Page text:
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Limits: How to evaluate $\lim\limits_{x\rightarrow \infty}\sqrt\[n\]{x^{n}+a_{n-1}x^{n-1}+\cdots+a_{0}}-x$

$$\lim_{x \to \infty} \sqrt{4x^2 + 4} - (2x + 2)$$

So, I have an intermediate form of $\infty - \infty$ and I tried multiplying by the conjugate; however, I seem to be left with another intermediate form of $\frac{\infty}{\infty}$ and wasn't sure what else to to do. Is there anything else I can do other than L'Hopital's rule?

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marked as duplicate by Aryabhata, tomasz, sdcvvc, William, Rudy the Reindeer Sep 3 '12 at 10:15

This question has been asked before and already has an answer. If those answers do not fully address your question, please ask a new question.

    
Once it is in the form $\frac{\infty}{\infty}$, divide top and bottom by the highest "rate of growth" of any term that you see. In this case, this will allow you to avoid L'Hopital's rule (assuming you know a few basic limits). –  Barry Smith Mar 28 '12 at 23:21

3 Answers 3

up vote 5 down vote accepted

$$\begin{align} \sqrt{4x^2 + 4} - (2x+2) & = \frac{(\sqrt{4x^2 + 4} - (2x+2))(\sqrt{4x^2 + 4} + (2x+2))}{\sqrt{4x^2 + 4} + (2x+2)}\\ & = \frac{4x^2 +4 - 4(x+1)^2}{\sqrt{4x^2 + 4} + (2x+2)} = - \frac{8x}{\sqrt{4x^2 + 4} + (2x+2)}\\ & = - \frac{8}{\sqrt{4 + 4/x^2} + 2 + 2/x} \end{align} $$ Now take the limit as $x \rightarrow \infty$ to get the limit as $-2$.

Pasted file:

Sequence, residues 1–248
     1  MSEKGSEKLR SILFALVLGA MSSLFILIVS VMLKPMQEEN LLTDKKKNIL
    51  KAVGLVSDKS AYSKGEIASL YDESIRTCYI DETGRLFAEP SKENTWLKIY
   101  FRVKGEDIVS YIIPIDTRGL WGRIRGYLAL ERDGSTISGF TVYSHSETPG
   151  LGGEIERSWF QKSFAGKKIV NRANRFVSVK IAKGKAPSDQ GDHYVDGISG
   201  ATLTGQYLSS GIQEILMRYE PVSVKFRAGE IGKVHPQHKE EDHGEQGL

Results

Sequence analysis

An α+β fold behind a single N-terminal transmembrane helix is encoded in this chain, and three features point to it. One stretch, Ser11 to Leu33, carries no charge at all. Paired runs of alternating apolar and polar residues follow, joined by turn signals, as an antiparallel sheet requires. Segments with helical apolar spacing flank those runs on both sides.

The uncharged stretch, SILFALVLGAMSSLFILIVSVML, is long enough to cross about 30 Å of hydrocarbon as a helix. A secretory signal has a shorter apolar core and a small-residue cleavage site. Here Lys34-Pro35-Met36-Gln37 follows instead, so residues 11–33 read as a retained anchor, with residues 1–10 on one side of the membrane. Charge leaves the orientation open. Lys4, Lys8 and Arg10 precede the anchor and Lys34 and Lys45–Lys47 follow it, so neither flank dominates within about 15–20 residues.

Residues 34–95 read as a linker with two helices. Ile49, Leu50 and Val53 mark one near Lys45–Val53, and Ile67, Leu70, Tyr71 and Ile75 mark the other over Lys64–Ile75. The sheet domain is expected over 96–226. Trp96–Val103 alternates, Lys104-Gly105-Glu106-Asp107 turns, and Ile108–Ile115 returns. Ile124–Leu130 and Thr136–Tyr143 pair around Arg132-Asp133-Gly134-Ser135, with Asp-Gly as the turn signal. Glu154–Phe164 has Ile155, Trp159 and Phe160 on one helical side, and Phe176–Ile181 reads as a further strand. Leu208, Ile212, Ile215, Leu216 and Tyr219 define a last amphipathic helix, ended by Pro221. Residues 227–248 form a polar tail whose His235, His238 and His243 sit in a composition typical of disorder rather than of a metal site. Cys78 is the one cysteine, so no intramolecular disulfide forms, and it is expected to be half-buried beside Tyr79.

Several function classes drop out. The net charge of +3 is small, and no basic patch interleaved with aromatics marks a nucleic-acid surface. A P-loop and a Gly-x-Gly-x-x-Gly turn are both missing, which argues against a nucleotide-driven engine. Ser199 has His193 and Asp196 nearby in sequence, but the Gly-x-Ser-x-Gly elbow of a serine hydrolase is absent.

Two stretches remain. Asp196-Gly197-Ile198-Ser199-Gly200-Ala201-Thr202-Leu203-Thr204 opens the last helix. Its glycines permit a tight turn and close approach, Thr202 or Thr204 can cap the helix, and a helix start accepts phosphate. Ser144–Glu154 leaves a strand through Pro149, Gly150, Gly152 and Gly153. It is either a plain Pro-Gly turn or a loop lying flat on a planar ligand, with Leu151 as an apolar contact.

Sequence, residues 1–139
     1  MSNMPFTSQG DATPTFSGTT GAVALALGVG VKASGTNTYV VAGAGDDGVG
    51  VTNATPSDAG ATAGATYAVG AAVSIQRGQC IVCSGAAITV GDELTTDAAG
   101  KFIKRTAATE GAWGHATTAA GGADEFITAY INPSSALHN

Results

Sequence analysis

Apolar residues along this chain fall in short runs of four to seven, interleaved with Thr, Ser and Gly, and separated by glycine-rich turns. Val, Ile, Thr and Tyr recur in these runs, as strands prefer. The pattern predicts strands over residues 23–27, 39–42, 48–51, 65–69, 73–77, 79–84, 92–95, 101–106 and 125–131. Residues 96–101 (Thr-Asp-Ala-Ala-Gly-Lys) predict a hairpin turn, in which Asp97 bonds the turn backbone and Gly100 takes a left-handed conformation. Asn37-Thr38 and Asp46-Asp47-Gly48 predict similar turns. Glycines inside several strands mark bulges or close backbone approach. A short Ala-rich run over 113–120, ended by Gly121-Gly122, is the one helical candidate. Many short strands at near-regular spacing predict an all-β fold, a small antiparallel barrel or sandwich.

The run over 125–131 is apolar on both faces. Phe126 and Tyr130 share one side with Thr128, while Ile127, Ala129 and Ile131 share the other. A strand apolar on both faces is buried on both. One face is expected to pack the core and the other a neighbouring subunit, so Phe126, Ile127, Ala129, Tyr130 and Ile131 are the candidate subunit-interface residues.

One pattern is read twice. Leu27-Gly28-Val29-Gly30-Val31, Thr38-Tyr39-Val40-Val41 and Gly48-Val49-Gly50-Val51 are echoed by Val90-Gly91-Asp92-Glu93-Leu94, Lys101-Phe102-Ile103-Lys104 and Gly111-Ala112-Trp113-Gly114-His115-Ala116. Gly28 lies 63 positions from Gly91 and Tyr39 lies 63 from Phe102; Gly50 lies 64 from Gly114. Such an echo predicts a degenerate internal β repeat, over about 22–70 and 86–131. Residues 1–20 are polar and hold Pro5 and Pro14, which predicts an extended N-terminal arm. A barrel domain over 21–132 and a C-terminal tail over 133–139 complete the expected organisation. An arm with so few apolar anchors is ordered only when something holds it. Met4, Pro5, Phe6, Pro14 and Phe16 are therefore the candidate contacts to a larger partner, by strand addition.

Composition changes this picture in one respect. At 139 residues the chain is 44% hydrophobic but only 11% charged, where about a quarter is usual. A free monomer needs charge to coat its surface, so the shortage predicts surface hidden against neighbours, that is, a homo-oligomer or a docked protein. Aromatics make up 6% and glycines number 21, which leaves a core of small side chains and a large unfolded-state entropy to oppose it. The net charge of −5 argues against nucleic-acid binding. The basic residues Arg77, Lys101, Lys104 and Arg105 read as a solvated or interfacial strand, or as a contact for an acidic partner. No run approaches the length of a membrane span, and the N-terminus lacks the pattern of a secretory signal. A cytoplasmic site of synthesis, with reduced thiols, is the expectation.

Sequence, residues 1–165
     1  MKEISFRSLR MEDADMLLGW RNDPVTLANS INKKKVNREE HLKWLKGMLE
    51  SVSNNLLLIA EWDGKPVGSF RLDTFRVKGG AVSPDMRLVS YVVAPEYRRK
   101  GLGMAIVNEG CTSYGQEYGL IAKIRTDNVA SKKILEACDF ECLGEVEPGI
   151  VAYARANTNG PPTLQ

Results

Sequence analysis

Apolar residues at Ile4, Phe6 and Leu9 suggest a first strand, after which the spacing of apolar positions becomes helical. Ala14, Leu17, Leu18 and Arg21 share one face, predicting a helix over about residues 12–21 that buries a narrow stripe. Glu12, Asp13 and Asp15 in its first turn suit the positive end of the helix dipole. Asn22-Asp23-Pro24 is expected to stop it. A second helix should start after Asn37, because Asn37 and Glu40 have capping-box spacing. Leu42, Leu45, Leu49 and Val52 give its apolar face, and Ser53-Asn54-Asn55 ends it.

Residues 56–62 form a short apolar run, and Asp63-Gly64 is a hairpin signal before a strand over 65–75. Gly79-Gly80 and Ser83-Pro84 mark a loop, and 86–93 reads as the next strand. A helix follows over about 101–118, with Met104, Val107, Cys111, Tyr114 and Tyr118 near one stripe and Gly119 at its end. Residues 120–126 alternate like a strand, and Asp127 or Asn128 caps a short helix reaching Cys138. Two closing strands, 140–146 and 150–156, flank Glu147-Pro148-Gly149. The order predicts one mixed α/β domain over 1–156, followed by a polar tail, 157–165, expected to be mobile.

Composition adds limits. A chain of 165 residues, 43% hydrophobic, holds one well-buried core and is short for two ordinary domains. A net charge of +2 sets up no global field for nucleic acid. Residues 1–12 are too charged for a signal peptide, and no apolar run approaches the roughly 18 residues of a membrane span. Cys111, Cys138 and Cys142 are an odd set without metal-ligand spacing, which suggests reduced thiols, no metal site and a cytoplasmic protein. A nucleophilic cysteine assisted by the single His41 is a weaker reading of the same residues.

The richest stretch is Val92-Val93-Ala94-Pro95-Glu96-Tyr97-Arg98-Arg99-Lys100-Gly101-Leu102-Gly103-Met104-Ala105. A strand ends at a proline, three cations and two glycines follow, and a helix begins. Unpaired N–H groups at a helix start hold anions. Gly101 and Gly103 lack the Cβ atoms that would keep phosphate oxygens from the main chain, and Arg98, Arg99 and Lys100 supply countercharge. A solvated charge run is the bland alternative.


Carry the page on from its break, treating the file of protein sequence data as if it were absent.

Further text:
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Hint: $$ \sqrt{4x^2+4}-(2x+2)=\frac{-8x}{\sqrt{4x^2+4}+(2x+2)}=\frac{-8}{\operatorname{sign}(x)\sqrt{4+\frac{4}{x^2}}+\left(2+\frac{2}{x}\right)} $$

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Multiplying and dividing by $\sqrt{4x^2 + 4} + (2x + 2)$ you obtain: $$\begin{split} \sqrt{4x^2 + 4} - (2x + 2) &= \frac{(\sqrt{4x^2 + 4} - (2x + 2))(\sqrt{4x^2 + 4} + (2x + 2))}{\sqrt{4x^2 + 4} + (2x + 2)} \\ &= \frac{(4x^2 + 4) - (2x+2)^2}{\sqrt{4x^2 + 4} + (2x + 2)} \\ &= \frac{-8x}{\sqrt{4x^2 + 4} + (2x + 2)} \\ &= \frac{-8x}{2x (\sqrt{1+\frac{1}{x^2}} + 1 + \frac{1}{x})} \\ &= - \frac{4}{\sqrt{1+\frac{1}{x^2}} + 1 + \frac{1}{x}} \end{split}$$ hence the limit equals $-2$.

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